There was an incident at Northampton Night Club Lava And Ignite where people died due to an accidental crush. It does not sound like the incident was sparked by a fire but was more about panic induced by a DJ’s announcements regarding limited transport and accommodation after the event. This highlights the importance of a good emergency evacuation plan, well planned out routes and good emergency lighting in case of a fire or an emergency.
Licences will tell you how many people is an acceptable number of people to have on your premises at any one time. Building regulations will specify the number of exits and how wide. Fire risk assessments will determine the best way to sign and light these exits so people can find their way to them in an emergency situation even if the lighting fails.
The emergency in Northampton was not a fire, it was an accident and so no one was looking for emergency exits. It is likely they all headed for the main entrance, the doors that they were familiar with and the crush happened because everyone was heading for the same exit.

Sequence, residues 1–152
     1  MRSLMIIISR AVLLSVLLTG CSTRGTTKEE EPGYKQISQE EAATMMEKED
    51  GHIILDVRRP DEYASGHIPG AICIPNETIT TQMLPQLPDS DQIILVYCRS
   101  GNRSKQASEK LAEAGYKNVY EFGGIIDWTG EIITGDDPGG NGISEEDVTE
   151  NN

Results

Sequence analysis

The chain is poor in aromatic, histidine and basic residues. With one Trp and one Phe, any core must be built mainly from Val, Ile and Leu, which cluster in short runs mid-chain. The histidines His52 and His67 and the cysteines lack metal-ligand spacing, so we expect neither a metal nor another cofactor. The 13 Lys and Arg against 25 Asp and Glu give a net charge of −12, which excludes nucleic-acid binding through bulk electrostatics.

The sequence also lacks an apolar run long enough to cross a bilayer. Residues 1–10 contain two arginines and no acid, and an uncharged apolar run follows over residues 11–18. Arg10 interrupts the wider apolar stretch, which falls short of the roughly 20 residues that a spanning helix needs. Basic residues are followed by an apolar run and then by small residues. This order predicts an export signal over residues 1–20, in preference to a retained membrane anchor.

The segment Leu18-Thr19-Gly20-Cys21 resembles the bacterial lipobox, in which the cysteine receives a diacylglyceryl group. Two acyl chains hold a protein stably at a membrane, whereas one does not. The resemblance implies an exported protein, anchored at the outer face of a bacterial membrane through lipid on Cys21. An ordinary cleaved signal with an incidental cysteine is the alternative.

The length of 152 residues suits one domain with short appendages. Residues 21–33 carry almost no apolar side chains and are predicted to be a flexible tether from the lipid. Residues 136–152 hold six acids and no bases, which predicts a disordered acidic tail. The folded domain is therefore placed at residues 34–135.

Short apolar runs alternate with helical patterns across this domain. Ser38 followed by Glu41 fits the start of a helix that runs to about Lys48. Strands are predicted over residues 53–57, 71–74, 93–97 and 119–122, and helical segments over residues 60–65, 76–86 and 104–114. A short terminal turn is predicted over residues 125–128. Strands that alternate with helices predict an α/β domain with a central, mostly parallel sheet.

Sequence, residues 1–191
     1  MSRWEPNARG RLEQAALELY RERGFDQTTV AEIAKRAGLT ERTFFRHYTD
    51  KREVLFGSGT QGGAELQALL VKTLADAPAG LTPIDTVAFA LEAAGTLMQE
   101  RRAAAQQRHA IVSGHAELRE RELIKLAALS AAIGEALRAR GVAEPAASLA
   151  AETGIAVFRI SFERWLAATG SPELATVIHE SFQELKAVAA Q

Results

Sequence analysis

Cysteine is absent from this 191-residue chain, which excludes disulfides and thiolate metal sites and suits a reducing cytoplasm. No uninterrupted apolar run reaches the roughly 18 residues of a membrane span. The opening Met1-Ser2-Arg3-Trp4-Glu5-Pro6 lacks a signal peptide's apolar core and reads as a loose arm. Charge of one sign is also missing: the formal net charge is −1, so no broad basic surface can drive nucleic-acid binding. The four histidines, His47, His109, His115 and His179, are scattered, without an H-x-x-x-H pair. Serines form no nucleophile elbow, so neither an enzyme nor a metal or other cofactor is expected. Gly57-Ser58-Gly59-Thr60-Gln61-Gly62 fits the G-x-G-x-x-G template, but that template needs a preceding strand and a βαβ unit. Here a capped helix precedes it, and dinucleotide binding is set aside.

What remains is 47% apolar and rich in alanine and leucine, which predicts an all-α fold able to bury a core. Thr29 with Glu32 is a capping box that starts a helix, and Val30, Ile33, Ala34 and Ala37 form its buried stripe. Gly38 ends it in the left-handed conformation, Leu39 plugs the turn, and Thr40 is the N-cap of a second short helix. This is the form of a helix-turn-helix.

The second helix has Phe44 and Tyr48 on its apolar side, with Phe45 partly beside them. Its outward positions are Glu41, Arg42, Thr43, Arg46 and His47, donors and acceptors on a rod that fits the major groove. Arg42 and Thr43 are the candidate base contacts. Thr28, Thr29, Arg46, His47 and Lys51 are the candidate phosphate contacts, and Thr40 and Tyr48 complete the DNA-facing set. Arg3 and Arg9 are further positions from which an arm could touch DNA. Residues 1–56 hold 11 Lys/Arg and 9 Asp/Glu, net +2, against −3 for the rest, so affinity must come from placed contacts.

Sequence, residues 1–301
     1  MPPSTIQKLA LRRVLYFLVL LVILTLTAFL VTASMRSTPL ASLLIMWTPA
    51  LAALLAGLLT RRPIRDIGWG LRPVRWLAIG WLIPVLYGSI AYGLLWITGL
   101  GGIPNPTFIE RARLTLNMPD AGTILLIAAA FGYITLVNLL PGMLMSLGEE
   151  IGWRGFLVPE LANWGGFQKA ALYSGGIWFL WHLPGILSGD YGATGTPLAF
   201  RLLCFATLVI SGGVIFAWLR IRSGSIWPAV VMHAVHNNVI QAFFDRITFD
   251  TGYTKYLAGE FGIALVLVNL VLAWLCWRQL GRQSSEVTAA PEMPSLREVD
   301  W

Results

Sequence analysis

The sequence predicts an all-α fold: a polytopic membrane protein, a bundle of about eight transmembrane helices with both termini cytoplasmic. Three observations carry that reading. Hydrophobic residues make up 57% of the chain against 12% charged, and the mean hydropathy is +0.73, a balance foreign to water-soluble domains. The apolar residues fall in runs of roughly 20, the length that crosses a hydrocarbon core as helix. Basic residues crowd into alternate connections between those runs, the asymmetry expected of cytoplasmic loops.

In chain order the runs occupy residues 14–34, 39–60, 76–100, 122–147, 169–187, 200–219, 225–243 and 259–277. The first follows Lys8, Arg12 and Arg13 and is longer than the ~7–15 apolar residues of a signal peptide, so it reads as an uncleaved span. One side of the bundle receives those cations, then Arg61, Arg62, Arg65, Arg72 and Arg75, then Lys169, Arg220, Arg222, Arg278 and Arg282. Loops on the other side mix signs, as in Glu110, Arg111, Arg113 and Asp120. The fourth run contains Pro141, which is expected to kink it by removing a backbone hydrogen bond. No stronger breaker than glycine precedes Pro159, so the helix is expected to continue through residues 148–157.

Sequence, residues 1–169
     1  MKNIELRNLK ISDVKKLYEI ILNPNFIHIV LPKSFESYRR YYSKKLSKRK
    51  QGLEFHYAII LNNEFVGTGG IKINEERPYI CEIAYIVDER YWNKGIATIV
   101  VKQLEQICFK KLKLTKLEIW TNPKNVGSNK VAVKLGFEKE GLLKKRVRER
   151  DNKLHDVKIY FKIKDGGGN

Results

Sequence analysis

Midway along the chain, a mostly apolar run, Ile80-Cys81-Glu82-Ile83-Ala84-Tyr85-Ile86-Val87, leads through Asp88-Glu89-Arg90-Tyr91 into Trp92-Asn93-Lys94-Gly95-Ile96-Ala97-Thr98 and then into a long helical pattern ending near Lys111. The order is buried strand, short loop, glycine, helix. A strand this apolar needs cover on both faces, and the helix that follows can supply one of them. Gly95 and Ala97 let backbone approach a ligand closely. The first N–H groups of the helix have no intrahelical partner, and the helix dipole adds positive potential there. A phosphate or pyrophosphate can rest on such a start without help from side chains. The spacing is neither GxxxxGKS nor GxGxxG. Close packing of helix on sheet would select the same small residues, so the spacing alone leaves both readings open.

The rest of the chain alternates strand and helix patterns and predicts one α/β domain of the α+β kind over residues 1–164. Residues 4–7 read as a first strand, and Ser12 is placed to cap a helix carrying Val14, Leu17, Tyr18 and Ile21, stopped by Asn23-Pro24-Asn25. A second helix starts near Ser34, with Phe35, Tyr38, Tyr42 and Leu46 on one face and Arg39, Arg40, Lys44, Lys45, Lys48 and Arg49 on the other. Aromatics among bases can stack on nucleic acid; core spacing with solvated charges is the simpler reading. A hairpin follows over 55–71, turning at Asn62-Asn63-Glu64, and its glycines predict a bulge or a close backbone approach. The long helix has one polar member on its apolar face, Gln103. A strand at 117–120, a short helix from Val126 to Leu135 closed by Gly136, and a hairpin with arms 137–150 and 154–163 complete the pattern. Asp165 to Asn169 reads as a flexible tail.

In an emergency you need to ensure there is more than one way out. This is so that you can distribute the crowd so that the building can empty quicker and without injury. It is also so that if a fire obscures one exit there is another option.
Signage is important as that is what assertive people will look for but crowds of people do not react to situations in a sensible considered way. If you can include members of staff to attend certain positions in the event of an emergency to guide people out in the best possible direction then this is a good move as well.
Your risk assessment should show that fire is one hazard, smoke is another and volumes of people is another. A well crafted fire risk assessment will leave little to chance but must be developed into a good emergency plan which is then effectively trained to all employees so everyone can act on it in an emergency without the need to seek guidance or authorisation.
As a customer visiting new premises it pays to be aware of your emergency exits just in case you ever need to use one.